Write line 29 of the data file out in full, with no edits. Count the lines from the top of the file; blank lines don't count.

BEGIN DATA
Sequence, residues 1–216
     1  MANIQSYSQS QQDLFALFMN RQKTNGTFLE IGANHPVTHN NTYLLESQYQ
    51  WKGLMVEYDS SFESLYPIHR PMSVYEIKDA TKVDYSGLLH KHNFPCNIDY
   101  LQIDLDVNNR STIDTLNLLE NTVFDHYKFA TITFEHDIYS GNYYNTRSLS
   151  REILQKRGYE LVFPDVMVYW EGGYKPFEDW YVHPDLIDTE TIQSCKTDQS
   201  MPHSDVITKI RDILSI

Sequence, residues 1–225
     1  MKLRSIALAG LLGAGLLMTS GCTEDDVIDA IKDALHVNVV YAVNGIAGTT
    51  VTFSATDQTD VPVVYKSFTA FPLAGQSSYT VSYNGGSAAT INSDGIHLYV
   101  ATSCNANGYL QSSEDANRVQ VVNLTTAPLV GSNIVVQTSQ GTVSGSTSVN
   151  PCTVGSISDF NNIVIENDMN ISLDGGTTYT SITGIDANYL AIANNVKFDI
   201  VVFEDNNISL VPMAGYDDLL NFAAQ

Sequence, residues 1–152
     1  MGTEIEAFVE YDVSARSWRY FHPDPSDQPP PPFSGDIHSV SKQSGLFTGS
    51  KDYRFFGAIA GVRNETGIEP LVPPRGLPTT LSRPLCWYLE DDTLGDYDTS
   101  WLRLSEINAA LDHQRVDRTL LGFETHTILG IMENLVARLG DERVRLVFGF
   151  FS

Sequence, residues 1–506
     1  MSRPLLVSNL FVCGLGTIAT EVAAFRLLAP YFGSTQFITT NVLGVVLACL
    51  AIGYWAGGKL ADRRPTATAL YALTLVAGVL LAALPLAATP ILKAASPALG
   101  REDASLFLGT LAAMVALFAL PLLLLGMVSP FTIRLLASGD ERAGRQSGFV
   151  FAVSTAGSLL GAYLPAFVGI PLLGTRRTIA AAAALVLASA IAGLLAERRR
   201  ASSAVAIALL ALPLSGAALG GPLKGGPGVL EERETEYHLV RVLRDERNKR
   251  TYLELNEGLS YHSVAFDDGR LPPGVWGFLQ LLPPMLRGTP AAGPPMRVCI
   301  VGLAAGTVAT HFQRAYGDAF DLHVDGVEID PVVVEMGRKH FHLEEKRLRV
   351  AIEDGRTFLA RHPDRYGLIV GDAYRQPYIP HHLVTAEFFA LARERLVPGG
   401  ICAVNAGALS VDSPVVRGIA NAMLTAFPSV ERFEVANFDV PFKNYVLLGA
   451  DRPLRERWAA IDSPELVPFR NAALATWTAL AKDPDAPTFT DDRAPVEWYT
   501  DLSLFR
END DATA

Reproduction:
   501  DLSLFR